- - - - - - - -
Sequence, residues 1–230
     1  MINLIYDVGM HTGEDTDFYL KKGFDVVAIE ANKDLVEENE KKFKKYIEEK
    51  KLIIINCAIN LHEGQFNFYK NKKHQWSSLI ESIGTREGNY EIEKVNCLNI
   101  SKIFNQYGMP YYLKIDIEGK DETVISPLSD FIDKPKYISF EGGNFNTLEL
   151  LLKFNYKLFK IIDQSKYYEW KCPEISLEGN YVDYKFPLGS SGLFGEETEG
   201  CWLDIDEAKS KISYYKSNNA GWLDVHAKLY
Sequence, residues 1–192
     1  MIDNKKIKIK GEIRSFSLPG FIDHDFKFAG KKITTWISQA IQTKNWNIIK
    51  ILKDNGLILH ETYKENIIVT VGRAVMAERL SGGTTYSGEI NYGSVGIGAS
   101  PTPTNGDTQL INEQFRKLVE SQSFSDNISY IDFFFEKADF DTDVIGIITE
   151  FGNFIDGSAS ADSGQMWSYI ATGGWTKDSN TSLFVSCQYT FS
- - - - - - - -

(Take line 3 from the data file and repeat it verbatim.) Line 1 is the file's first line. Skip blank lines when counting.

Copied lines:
    51  KLIIINCAIN LHEGQFNFYK NKKHQWSSLI ESIGTREGNY EIEKVNCLNI